6 tax questions to ask before your client retires: Retirement Scan
Our daily roundup of retirement news your clients may be thinking about.
6 tax questions to ask before you retire
Retirees are better off taking withdrawals from their retirement accounts in their 60s so they spread out their tax liability instead of being forced to get required minimum distributions by age 70.5, which could increase taxes due, according to this article on U.S. News & World Report. Retirees should also note that a maximum of 85% of their Social Security is taxable if the benefit is more than $44,000. Also, they should defer extra payments until January of their first full year of retirement because they would be in a lower tax bracket by then compared to their last year of work.
The talk you and your spouse need to have about retirement
Clients who are in a relationship should take time to form a retirement strategy with their partner to be able to maximize their retirement income, according to Forbes. One important issue to consider is the couple's retirement age, which could significantly affect health insurance premiums and benefits under Social Security. Clients should also plan around the potential retirement benefits they can receive as well as healthcare benefits in retirement. Clients should also plan for expected caregiving duties for relatives and possible financial aid given to their adult children, both of which can significantly reduce their retirement funds.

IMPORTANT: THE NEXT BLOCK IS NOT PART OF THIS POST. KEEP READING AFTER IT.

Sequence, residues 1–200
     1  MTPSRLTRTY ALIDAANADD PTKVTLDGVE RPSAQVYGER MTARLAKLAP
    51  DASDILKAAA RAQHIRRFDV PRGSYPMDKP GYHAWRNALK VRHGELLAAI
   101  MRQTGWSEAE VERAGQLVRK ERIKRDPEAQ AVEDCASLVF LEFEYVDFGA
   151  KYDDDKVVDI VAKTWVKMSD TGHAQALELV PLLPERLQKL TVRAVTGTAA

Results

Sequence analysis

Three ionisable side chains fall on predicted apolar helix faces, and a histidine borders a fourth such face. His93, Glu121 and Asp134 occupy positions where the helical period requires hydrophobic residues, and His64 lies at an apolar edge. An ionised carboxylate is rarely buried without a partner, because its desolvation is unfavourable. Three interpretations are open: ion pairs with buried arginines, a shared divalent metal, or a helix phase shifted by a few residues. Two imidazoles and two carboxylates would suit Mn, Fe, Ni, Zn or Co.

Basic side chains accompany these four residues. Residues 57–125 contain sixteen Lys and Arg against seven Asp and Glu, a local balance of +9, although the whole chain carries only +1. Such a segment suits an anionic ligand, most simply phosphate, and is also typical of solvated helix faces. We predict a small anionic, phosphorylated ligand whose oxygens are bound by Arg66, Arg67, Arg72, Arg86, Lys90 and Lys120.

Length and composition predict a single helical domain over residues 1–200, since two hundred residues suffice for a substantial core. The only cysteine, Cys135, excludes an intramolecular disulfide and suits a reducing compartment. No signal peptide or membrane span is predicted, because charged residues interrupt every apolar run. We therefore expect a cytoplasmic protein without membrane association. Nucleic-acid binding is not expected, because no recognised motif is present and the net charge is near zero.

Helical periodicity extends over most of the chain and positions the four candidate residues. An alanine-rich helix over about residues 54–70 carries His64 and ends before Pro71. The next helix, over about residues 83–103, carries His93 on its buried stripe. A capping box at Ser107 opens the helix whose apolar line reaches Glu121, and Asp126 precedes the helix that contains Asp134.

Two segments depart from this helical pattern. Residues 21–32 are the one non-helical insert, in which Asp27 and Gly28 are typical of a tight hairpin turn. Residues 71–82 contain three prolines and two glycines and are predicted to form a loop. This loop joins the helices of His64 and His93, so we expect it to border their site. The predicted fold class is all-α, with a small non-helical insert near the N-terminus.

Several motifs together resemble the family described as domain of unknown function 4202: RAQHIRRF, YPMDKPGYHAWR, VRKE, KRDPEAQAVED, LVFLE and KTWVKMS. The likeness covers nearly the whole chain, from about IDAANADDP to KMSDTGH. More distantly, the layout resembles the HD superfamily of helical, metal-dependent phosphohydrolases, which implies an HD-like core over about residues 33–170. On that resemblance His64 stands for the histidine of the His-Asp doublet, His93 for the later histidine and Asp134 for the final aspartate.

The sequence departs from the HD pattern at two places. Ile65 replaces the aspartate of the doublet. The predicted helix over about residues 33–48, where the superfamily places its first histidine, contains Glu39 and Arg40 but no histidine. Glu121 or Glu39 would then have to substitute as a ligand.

The 10 most important years of your financial life (& how to prepare for them)
Clients should view the five years before they retire and the five years afterward as the most important years of their financial life, as a significant loss during that period has a greater effect on their available retirement funds, according to Kiplinger. To better prepare for this period, clients should determine their current financial situation and then talk with their Human Resources department to form a retirement plan, with considerations on their living situation in retirement, their activities and the money they would need to be able to support their lifestyle. Clients should also get out of debt and ensure a diversified portfolio.
Is $1.5 million in savings enough to retire?
When saving money for retirement, people should consider several factors including their short-term and long-term plans, lifestyle, health care expenses and the place where they would be spending their retirement as cost of living varies by location, according to this article in Washington Post. It is important to consider out-of-pocket health expenses, which is estimated to cost $250,000 for a 65-year-old couple, when deciding retirement lifestyle. The decision on when to claim Social Security is also critical as every year of delay will result in roughly eight percent more income.
5 things to know about your Social Security statement
The Social Security Administration has stopped mailing Social Security statements to people below 60 years old this year, and this means that younger people must create an online account if they want to know their earnings history or the taxes they've paid, according to this article in MSN. People must make it a habit to check their online Social Security statements because it contains important information such as how much they will receive upon retirement, how much they will get if they become disable in the coming year, and the amount of money their family will get once they pass away. Aside from their earnings record, people can also verify their Social Security and Medicare contributions using the online statement.